Associations, and people in general, have a tendency to take their trees for granted. They stand like fixtures in our communities, providing shade, beauty, wildlife havens and defending against soil erosion. But neglected trees can decay and cause a myriad of problems if not treated correctly and promptly. Trees can potentially become liabilities, insect incubators and just plain old eyesores if not properly taken care of.
What are some causes of tree decay? To get to the root of the problem, I spoke with Chris Zinna of Growing Concern, Inc. in Cranbury, New Jersey. “Tree decay can be caused by the growth of tree trunk abnormalities, scars, wood boring insects, root girdling, damage to roots, soil compaction of roots, winter burn or sun scald,” said Zinna.
If you don’t know what root girdling is, it’s when a root just below the soil cuts into the side of the main trunk. This can constrict and reduce water and nutrient intake to the tree.
But what do you look for? Zinna pointed out some telltale signs that a tree has been damaged or infiltrated. “You would see defoliation on branches or dying limbs,” he said. “In the case of wood boring insects you would see holes. In the case of emerald ash borer you will find D-shaped holes in the ash tree.”
The emerald ash borer is a green beetle native to northeastern Asia. The female insects lay eggs in the bark of ash trees and her larvae feed underneath the bark for one to two years. Although in their native habitat they cause little damage, in North America the beetles are an invasive species that are exceptionally destructive to ash trees. What are other types of insects that damage trees in the northeast? The southern pine beetle, eastern tent caterpillar, bag work, root feeding white grub and lace bug are others. According to Zinna “the Emerald Ash borer seems to be one of the biggest issues today.”
But no one likes the idea of cutting down a tree that has historical significance, provides needed shade to a particular area or is of a certain age. So is it always necessary to remove a tree if there are signs of decay, or can other measures be taken? “It depends on the degree of the decay and what is causing it,” said Zinna. “If it is caused by insects or disease it may be treated. Poor growth can be corrected by corrective pruning.”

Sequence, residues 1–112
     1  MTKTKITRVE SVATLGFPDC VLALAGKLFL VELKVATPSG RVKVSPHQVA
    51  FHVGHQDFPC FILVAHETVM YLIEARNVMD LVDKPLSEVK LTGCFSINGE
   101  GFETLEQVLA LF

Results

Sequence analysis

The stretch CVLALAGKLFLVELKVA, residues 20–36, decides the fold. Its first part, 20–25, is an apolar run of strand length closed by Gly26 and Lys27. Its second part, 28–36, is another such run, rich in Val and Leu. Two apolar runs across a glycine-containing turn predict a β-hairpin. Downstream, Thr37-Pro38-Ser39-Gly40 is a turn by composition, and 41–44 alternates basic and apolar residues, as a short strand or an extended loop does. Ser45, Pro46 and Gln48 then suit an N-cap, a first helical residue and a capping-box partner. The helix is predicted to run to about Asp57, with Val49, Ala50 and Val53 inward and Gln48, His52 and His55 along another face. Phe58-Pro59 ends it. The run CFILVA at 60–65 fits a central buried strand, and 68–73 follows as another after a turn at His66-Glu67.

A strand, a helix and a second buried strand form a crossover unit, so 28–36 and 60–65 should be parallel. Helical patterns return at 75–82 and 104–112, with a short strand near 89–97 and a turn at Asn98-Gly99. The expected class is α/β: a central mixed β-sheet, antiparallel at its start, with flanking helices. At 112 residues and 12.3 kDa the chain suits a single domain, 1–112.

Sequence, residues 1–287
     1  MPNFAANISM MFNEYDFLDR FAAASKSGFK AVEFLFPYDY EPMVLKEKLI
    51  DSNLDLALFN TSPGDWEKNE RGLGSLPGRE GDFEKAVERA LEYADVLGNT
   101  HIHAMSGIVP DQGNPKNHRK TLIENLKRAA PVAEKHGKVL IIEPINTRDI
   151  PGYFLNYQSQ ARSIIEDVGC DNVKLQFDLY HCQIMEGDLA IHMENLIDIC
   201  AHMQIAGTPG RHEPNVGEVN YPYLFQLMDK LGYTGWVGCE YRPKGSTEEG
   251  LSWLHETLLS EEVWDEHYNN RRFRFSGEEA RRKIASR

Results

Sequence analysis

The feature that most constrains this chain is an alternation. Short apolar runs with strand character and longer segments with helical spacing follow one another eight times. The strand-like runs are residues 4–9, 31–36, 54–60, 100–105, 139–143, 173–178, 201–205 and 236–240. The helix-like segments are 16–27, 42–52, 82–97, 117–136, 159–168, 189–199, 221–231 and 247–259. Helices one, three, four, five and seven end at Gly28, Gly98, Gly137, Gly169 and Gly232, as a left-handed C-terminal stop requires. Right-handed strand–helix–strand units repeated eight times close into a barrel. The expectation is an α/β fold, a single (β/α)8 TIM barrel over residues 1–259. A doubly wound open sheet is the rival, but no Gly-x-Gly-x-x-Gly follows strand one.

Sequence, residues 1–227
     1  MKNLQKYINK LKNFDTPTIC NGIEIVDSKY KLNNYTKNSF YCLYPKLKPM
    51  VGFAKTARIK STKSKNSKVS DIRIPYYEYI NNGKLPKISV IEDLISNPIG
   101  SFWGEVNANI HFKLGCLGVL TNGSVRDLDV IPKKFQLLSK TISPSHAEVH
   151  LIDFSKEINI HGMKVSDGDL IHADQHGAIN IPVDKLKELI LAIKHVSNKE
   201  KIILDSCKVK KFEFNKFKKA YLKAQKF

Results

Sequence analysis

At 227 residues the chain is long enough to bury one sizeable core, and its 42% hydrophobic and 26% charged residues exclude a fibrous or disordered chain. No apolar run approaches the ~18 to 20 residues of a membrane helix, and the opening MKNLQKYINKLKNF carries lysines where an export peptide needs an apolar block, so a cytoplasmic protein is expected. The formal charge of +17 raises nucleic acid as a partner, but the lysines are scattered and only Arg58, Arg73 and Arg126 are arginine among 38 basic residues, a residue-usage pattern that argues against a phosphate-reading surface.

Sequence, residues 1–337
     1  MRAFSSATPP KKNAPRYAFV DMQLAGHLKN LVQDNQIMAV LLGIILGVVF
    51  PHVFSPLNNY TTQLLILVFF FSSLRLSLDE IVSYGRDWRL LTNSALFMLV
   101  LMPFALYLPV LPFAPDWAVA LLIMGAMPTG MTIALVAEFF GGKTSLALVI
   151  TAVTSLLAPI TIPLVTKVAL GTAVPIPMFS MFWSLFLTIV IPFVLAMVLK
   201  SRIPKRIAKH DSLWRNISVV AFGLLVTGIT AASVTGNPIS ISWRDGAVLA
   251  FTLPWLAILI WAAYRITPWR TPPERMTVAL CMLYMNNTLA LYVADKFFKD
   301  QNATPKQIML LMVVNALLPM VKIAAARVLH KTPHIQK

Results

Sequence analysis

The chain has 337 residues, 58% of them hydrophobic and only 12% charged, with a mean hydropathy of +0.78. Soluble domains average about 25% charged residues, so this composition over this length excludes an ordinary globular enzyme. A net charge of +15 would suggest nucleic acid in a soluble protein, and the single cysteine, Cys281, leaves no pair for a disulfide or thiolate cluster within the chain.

But there are other circumstances where there may not be a quick fix. “Stress, possible lack of sunlight, water, nutrients or if the roots have possibly too much water the tree may become a hazard, and may need to be removed,” he said.
With summer just around the corner and groundskeepers anxious to stretch their green thumbs, what are some preventive measures associations can take to protect trees? “Corrective pruning, removing dead wood, removing abnormal growth, pruning practices that will allow the tree to prosper in a controlled environment are some preventive measures,” said Zinna.
Even though forests thrive on their own, regular maintenance on your property will better your chances of avoiding problematic, sick trees. Zinna recommends a regular schedule to inspect trees. And when is the best time to do that? “Certainly coming out of winter into spring as the leaves start to push, the trees should be monitored for the obvious signs of tree stress such as dropping leaves, eaten leaves, tree die back, and abnormal leaf size. If any of these signs occur it needs to be researched further, diagnosed and treated accordingly,” he said.
Like most association maintenance issues, early detection is a key point to success. If you find yourself tree-hugging on the property, keep your eyes open and look for the early stages of potential grief down the road.